Surface Evolver Documentation

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Example: Ring around rotating rod

This example consists of a ring of liquid forming a torus around a rod rotating along its long axis (z axis) in weightlessness. The liquid has controllable contact angle with the rod. The interesting question is the stability of the ring as the spin increases.

The effect of the rotation is incorporated in the energy through an integral using the Divergence Theorem:

  E = - ||| (1/2) p r^2 w^2 dV 

    = - ||       (1/2) p w^2 (x^2+y^2) z k·dA
        //bdry B

where B is the region of the liquid, r is radius from the axis, p is the fluid density and w is the angular velocity. Note the energy is negative, because spin makes the liquid want to move outward. This has to be countered by surface tension forces holding the liquid on the rod. If p is negative, then one has a toroidal bubble in a rotating liquid, and high spin stabilizes the torus. The spin energy is put in the datafile using the named quantity syntax (see below). "centrip" is a user-chosen name for the quantity, "energy" declares that this quantity is part of the total energy, "global_method" says that the following method is to be applied to the whole surface, "facet_vector_integral" is the pre-defined name of the method that integrates vector fields over facets, and "vector_integrand" introduces the components of the vectorfield.

The rod surface is defined to be constraint 1 with equation x^2 + y^2 = R^2, where R is the radius of the rod. The contact energy of the liquid with the rod is taken care of with an edge integral over the edges where the liquid surface meets the rod:

      //                          /                  /
  E = || -T cos(a) dA = -T cos(a) |  z ds = T cos(a) | (z/R)(yi - xj)·ds
      //S                         /bdry S            / bdry S
Here S is the rod surface not included as facets in bdry B, T is the surface tension of the free surface, and a is the internal contact angle. A more intuitive way to arrive at this integral is to think in cylindrical coordinates and imagine the replaced surface of the rod between the contact line and z = 0 to be divided into thin vertical strips of height z and width R dtheta. The energy of a strip is -T cos(a) z R dtheta. Converting back to Cartesian coordinates, dtheta = (x dy - y dx)/(x^2 + y^2), so
                 //                                   //
  E =  -T cos(a) || z R (x dy - y dx)/R^2 = -T cos(a) || (z/R)(x dy - y dx)
                 //                                   //

Constraint 2 is a horizontal symmetry plane. By assuming symmetry, we only have to do half the work.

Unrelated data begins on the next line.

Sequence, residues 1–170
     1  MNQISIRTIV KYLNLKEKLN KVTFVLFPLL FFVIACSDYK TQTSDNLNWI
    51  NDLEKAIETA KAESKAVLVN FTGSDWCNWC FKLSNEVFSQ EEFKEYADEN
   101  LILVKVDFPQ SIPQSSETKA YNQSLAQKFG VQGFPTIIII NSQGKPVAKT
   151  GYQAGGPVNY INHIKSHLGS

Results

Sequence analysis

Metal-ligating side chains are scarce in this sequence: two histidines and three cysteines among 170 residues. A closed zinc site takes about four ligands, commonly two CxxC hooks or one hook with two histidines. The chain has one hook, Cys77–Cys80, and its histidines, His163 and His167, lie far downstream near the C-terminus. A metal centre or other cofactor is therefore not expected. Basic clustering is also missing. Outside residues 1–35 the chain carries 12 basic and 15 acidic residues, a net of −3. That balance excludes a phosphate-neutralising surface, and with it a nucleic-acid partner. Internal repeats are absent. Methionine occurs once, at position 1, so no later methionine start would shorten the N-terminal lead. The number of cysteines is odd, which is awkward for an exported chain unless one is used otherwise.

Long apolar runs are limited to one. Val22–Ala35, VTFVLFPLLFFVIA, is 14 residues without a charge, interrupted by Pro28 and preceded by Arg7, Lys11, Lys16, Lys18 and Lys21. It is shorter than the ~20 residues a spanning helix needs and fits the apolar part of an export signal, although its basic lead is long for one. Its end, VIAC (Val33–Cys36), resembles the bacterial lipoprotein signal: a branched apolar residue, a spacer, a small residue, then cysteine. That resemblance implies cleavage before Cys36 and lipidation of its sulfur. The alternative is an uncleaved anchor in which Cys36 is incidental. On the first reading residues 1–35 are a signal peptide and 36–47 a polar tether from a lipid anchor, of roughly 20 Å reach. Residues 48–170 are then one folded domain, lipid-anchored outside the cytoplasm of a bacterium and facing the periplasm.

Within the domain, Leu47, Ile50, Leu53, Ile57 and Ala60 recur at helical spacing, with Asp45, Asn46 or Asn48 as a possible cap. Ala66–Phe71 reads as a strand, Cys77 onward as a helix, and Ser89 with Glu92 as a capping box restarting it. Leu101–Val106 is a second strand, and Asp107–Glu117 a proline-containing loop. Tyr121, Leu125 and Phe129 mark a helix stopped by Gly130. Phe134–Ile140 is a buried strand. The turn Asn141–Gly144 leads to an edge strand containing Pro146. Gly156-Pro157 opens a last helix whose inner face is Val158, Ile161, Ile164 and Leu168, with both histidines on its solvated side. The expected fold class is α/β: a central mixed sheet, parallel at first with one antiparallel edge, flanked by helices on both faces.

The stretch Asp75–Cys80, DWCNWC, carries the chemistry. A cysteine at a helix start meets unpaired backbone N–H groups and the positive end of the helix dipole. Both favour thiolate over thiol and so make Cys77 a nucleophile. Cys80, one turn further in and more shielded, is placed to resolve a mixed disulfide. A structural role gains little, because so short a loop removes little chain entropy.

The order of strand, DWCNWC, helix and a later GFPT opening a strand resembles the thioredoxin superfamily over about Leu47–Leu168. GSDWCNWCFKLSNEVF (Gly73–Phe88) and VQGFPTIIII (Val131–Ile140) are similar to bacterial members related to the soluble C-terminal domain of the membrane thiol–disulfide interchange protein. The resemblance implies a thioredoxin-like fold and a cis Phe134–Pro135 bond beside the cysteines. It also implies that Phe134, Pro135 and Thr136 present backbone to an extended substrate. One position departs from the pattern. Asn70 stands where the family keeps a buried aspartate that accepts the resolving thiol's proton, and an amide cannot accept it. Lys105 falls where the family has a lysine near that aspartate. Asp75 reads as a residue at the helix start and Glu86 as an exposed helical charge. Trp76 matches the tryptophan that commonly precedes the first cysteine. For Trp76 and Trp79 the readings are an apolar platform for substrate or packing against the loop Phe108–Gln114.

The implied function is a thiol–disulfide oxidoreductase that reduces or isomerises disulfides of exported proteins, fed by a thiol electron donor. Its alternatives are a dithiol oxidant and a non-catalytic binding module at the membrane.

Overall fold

Constraint 3 is a one-sided constraint that keeps the liquid outside the rod. Merely having boundary edges on the rod with constraint 1 is not enough in case the contact angle is near 180 degrees and the liquid volume is large. Constraint 3 may be put on any vertices, edges, or faces likely to try to invade the rod. However, it should be noted that if you put constraint 3 on only some vertices and edges, equiangulation will be prevented between facets having different constraints.

Constraint 4 is a device to keep the vertices on the rod surface evenly spaced. Edges on curved constraints often tend to become very uneven, since long edges short-cutting the curve can save energy. Hence the need for a way to keep the vertices evenly spread circumferentially, but free to move vertically. One way to do that is with another constraint with level sets being vertical planes through the z axis at evenly spaced angles. Constraint 4 uses the real modulus function with arctangent to create a periodic constraint. Each refinement, the parameters need to be halved to cut the period in half. This is done by redefining the "r" refinement command at the end of the datafile. Note that autorecalc is temporarily turned off to prevent projecting vertices to the constraint when it is in an invalid state. Also note the pi/6 offset to avoid the discontinuity in the modulus function. pi/6 was cleverly chosen so that all refinements would also avoid the discontinuity.

One way of detecting stability is to perturb the torus and seeing if it evolves back to equilibrium. The datafile defines a command

    perturb := set vertex y y+.01 where not on_constraint 1
This sets the y coordinate of each vertex to y+.01. This command is defined in the "read" section at the end of the datafile, where you can put whatever commands you want to execute immediately after the datafile is loaded. To detect small perturbations, and get numerical values for the size of perturbations, the y moment of the liquid is calculated in the named quantity "ymoment". It is not part of the energy, as indicated by the info_only keyword. You can see the value with the `v' command.